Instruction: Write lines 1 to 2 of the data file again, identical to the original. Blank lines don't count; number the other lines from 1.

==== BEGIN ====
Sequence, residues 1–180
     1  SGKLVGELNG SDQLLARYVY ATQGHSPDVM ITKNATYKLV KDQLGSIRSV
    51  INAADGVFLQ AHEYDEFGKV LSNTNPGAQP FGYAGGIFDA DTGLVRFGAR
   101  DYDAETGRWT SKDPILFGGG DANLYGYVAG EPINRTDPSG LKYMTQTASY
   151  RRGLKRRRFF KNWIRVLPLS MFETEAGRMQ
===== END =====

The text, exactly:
Sequence, residues 1–180
     1  SGKLVGELNG SDQLLARYVY ATQGHSPDVM ITKNATYKLV KDQLGSIRSV